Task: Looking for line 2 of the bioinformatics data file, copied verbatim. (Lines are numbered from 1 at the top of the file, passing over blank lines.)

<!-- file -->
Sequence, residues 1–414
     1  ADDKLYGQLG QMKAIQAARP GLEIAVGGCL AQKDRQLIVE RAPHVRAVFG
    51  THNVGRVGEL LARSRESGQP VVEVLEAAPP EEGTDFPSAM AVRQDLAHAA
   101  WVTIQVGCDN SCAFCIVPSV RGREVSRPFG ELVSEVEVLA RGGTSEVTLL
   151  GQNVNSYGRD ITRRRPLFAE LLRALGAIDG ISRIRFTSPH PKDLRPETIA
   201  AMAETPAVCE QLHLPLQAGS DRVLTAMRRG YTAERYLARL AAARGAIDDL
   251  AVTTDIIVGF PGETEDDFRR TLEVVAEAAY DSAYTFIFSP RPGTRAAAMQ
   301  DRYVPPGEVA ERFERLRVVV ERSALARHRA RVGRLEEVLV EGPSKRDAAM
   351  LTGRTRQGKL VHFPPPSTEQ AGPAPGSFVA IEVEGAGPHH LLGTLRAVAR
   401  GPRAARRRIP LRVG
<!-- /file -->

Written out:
     1  ADDKLYGQLG QMKAIQAARP GLEIAVGGCL AQKDRQLIVE RAPHVRAVFG